The Gondoliers

Date 13th October 2023
Society Stamford G & S Players
Venue Stamford Corn Exchange Theatre
Type of Production G&S
Director Ruth Palmer
Musical Director Gavin Ashley-Cooper
Choreographer Ruth Palmer
Producer Ruth Palmer
Written By W.S. Gilbert and Sir Arthur Sullivan

Report

Author: Stuart Bull


Gilbert and Sullivan’s Gondoliers. needs little introduction. Sullivan was excited that Gilbert had chosen a Venetian setting for their latest venture, and threw himself into composing Italianate music, with the result that the music has a true Mediterranean sparkle. Gilbert’s story of a baby kidnapped at birth was partly autobiographical, but of course, he embellishes the story with his famous topsy-turvy wit.  Ruth Palmer is an experienced hand at Savoy Operas and she and her Musical Director Gavin Ashley-Cooper
displayed a sure touch in their traditional approach to the show, with the odd surprise thrown in. Who would have expected a boy soprano, Harry Simmons, to sing the music from the Cornetto advertisement while punting
a gondola across the stage?


One of the joys of watching this production was to see the mixture of youth and experience on stage, and it is to the society’s credit. I was thrilled to present two NODA awards to members of the company, including a youth award to 13 year-old Julia Salmon, who played Gianetta with wide-eyed innocence. I noted that Matthew Clayton, who took on the baritone role of Guiseppe so well, is also only 15. One of the problems of producing The Gondoliers is the larger-than-normal number of principals and minor principals required. Stamford G&S are lucky to have the depth of numbers necessary to cast it well. The experience of some of the principals shone through. Husband and wife Ken and Margaret Wainwright were very funny as the Plaza-Toros, and well-matched with Cat Johnson playing their daughter Casilda. During their big scene in the second act, the fire alarm sounded (false alarm) and they evacuated the stage. After a period of uncertainty, the show recommenced as if it had not been so rudely interrupted. Well done them!  Casilda’s secret paramour, Luis was played by John Clayton, and he could both play the drums and the bugle! Marco and Guiseppe (the Gondoliers of the title, played by Matthew Clayton and William Lewis) were suitably dashing and handsome, and well-matched vocally with their pretty contadine, played by Julia Salmon and Amy Couchman. Alex Moores, playing the Grand Inquisitor Don Alhambra del Bolero, was hilarious with his exaggerated Spanish aitches, and his barely concealed lechery. It was nice to see the experienced Barbara Hayward taking on the role of Inez, the nurse. The choreography was simple but effective, making the most of the limited space available. A lovely extra touch h as to bring Melissa Tupholme on to dance the Cachucha in front of the chorus, bringing an extra dimension to the dancing. Her grace and poise were impressive.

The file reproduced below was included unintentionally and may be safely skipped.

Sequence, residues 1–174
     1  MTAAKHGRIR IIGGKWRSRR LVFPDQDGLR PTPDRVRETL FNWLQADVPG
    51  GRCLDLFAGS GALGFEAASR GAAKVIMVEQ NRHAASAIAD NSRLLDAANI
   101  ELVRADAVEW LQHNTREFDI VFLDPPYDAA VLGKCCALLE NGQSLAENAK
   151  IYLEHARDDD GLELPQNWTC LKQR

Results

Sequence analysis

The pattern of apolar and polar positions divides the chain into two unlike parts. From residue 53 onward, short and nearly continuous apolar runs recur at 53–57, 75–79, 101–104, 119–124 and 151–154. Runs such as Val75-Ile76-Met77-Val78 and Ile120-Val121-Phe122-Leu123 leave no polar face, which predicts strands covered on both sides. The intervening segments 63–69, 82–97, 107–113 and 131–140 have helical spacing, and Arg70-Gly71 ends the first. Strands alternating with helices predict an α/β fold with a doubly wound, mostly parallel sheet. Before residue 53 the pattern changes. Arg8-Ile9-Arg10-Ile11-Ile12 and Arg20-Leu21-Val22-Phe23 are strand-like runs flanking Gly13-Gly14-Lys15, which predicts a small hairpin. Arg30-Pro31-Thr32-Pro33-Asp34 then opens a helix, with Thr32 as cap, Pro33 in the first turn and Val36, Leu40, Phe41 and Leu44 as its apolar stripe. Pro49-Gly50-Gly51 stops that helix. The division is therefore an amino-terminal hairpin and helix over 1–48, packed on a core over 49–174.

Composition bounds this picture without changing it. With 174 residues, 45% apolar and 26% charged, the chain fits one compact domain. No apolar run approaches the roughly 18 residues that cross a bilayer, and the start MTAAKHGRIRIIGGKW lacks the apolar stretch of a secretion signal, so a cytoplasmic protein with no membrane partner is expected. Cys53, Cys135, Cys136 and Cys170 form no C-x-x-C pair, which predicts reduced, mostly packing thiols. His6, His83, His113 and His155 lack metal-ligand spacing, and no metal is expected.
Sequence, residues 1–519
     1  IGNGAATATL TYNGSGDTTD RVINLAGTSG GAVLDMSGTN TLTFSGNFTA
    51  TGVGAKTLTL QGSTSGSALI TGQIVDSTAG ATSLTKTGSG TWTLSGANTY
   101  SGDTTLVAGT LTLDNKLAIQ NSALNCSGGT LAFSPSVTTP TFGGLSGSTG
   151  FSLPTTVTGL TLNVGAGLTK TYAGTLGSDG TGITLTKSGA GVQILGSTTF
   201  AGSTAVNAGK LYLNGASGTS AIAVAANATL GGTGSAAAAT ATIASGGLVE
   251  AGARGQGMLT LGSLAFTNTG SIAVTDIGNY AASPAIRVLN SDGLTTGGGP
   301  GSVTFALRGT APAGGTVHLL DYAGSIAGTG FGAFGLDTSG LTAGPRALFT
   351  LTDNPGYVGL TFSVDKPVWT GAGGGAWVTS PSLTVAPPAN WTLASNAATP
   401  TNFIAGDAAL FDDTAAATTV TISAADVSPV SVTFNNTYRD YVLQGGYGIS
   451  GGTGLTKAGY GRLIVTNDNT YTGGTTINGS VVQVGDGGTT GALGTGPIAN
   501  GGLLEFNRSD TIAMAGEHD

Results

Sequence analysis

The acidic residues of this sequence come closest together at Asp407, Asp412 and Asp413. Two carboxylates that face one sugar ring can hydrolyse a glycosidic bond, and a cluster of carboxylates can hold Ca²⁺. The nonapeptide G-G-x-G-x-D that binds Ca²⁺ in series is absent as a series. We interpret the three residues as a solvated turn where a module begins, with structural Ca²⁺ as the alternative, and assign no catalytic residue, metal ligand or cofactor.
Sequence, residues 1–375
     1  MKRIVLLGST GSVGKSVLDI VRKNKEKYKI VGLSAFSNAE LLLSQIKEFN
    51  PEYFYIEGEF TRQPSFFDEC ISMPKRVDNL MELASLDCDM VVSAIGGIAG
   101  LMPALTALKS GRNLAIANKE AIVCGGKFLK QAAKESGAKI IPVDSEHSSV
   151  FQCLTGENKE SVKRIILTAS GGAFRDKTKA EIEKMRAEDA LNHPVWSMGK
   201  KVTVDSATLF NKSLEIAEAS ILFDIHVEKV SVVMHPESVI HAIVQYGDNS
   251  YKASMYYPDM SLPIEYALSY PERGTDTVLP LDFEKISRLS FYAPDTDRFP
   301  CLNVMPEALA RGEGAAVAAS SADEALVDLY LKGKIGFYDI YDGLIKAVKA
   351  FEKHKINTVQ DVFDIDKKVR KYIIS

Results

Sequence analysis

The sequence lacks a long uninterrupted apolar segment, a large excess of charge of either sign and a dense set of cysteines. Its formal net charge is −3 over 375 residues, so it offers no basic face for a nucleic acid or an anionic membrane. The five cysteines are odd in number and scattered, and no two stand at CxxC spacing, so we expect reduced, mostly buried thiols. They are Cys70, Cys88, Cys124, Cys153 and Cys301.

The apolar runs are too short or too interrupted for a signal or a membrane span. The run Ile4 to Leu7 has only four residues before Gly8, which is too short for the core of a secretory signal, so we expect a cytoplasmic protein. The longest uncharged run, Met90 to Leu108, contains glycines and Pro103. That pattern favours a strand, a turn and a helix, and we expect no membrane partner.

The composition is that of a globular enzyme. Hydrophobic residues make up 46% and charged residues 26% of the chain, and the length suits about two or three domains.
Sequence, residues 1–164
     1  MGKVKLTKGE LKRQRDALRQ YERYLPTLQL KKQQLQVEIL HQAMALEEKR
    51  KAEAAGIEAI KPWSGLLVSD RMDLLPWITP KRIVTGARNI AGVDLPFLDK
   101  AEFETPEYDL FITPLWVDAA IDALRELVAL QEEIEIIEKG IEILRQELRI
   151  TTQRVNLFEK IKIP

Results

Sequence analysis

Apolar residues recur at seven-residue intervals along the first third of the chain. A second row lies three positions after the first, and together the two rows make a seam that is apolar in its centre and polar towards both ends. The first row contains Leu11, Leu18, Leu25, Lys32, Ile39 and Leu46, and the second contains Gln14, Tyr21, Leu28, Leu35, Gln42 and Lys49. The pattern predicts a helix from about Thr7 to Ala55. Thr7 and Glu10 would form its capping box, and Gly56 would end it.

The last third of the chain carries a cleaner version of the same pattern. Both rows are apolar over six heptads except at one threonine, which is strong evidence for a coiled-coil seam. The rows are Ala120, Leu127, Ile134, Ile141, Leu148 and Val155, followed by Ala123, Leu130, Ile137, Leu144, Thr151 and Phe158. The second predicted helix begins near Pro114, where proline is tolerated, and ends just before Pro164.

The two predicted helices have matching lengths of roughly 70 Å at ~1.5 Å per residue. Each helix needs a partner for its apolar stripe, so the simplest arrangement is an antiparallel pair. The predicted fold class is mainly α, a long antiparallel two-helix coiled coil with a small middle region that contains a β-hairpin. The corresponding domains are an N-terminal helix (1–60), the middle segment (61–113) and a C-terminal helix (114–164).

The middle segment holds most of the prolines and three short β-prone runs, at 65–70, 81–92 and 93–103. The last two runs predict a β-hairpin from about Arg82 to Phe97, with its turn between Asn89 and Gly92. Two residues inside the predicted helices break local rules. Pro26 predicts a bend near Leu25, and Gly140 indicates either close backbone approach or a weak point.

Worthy of mention is that at times, the choreography involved the cast in “signing”, using British Sign language.   Ruth, the director, is keen to increase the inclusivity of the Society’s performances, and the cast were all taught to sign the lyrics as they were singing and dancing. How clever and how commendable! The minor principals and chorus were animated and active, not just the “park-and-bark” that one can often see in amateur G&S productions.  Gavin Ashley-Cooper and Kate Bidwell (rehearsal pianist) had obviously coached the cast and chorus well – the singing was good, and the diction in the main was very clear. Even the double-chorus “Thank you, Gallant Gondolieri” which trips up a lot of choruses, was smooth and clear. The orchestra was very good and never intruded over the vocal line.

 
The costumes were bright, colorful, and appropriate, and the make-up excellent. Lighting was very good, and the sound was fine too – even I, a deaf old man, could hear everything. The set was traditional and very pretty, and good use was made of the limited space, especially in the dancing. My only criticism is that one of the regal thrones in the second act was invisible from the stage left auditorium – but I understand this was due to difficulty with a recalcitrant flat. The programme is well-laid out and very informative – it’s a shame that the society does not wish to enter it into the competition.

All in all, a very entertaining evening, and my wife and I went home with “feelings of pleasure”, as Ruth had predicted. And to cap it all I won the raffle!!